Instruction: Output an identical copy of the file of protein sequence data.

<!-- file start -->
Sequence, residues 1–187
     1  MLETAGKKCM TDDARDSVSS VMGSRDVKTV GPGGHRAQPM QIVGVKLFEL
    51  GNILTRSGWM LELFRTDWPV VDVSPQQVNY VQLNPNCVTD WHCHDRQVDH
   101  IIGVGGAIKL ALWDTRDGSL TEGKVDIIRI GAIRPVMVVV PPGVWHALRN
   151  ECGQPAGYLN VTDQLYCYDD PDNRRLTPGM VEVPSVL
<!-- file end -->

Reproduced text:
Sequence, residues 1–187
     1  MLETAGKKCM TDDARDSVSS VMGSRDVKTV GPGGHRAQPM QIVGVKLFEL
    51  GNILTRSGWM LELFRTDWPV VDVSPQQVNY VQLNPNCVTD WHCHDRQVDH
   101  IIGVGGAIKL ALWDTRDGSL TEGKVDIIRI GAIRPVMVVV PPGVWHALRN
   151  ECGQPAGYLN VTDQLYCYDD PDNRRLTPGM VEVPSVL